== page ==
breadOn a language teachers’ discussion list, a comment was recently made that  “the idea of targeted structures in inconsistent with what we know about language is acquired.It also makes in hard to make input interesting”.

I think it could be. But only assuming that the input CAN otherwise be natural TL, unfettered by any need to “hit” particular structures or vocabulary. Those limitations are hateful to free range CI teachers, and many can’t imagine why anyone would bow to such chains. The free-range teachers offer many great ideas, but the chained teacher has to modify the majority, and starts thinking that she is “doing TPRS wrong” because of having to follow a curriculum.

You really need to be inside a district that has a curriculum that must be honored to realize what that means to a teacher. I am beginning to feel that the divide (not a deliberate or dismissive one, but a conscious one anyway) between teachers who can be “free” and those who are held accountable for discrete items and/or structures on a curriculum (and sometimes even, God forbid, a pacing guide) is the biggest factor impacting the way we prepare new TPRS teachers and give advice on how to do things. Or at least it should be. That, and the amount of preps.

Every teacher tends to assume that if s/he is free, everyone is free, and the opposite is also true. But even though that’s not the case, the strategies, techniques and realities that apply to the two groups are very different.

You **cannot** just “share the beautiful language” with your kids if you aren’t in a Free situation. You **must** incorporate the structures and vocabulary items that are dictated — sometimes by someone else. But I really feel strongly that it is not really that difficult to make language compelling even if its structural content has to be directed!

When I read material by the real advocates of the “Free” direction for TPRS/CI, it seems like the assumption is being made that any direction is going to absolutely kill any spark of interest that might come up. I’ve never found that to be the case. “Free” also assumes that everyone in the organization is on board with “free”, and while there are more and more unitary departments that are CI through-and-through with administration support, there are far more that are shyly, partly CI, with varying levels of support and buy-in from others. You can say that’s wrong, or not the best for the kids, but that hasn’t seemed to stop anything else in education lately, so good luck. 🙁 Most of the teachers I talk to at workshops are worried about articulation with “the next teacher” (or even with the next school, which takes in their students).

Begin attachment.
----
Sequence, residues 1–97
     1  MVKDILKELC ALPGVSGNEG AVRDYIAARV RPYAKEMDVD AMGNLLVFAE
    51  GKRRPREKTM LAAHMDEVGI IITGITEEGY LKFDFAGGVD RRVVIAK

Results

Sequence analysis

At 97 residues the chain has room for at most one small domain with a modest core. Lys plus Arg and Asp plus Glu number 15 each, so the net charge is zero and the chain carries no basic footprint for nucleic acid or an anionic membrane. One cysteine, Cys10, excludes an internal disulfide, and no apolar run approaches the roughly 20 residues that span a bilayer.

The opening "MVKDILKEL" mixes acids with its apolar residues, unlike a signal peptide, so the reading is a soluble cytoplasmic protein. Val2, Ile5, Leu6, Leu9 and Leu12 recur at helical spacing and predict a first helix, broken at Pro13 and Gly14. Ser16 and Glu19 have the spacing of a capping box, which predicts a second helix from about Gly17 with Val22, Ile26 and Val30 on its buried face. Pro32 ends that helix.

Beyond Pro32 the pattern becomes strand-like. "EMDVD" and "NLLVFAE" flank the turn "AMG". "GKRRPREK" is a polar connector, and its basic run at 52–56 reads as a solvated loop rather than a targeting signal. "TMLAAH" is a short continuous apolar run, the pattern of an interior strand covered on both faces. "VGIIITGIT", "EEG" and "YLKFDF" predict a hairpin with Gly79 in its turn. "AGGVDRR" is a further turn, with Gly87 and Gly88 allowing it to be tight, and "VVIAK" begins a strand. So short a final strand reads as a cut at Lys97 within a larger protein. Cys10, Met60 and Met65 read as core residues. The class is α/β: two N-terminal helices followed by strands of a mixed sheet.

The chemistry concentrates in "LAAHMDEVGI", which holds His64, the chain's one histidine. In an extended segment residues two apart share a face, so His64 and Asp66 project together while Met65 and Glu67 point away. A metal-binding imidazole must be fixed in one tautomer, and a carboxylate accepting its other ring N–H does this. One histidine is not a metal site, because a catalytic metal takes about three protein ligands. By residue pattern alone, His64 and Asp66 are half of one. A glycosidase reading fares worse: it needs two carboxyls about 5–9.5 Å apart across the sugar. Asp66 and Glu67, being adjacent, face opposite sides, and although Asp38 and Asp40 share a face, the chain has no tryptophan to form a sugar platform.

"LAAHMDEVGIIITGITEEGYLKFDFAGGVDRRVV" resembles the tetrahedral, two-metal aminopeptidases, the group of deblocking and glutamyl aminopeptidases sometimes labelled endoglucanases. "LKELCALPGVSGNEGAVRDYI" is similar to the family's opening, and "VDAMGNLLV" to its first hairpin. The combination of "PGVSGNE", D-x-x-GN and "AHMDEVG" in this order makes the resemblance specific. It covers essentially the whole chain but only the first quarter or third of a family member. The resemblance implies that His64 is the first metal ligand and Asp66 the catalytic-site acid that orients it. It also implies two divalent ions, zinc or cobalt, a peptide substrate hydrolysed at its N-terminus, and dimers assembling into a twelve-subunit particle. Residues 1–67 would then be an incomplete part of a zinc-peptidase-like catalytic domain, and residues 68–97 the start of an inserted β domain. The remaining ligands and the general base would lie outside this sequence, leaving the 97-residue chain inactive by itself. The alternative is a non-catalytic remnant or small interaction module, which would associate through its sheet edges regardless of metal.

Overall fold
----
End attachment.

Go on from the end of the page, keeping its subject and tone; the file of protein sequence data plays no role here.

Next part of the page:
Proponents of untargeted input also assume that everyone has the “gift of gab” and can make untargeted conversation interesting. This isn’t the case universally. For many people, it is preferable to have some sort of target, so that the skills of TPRS can function to dress the skeleton of structure in details and ideas from students. The rules of TPRS also function to level the playing field for participants, rather than having some struggle to participate in natural conversation in the TL. Isn’t that what we’re trying to avoid in the first place?

“Free” might be the optimum situation, but for many people it is just not an option. And I would direct a teacher in a vastly different way, and emphasize different skills, depending on whether the immediate placement was going to be “free” or not. The caged teachers need to know how to make CI work within the confines that have been set for them — and IMO it can work just as well as it does for the free-range students. Compelling comes from the ideas, not from the structure included, though my private suspicion is that moderately interesting does quite nicely.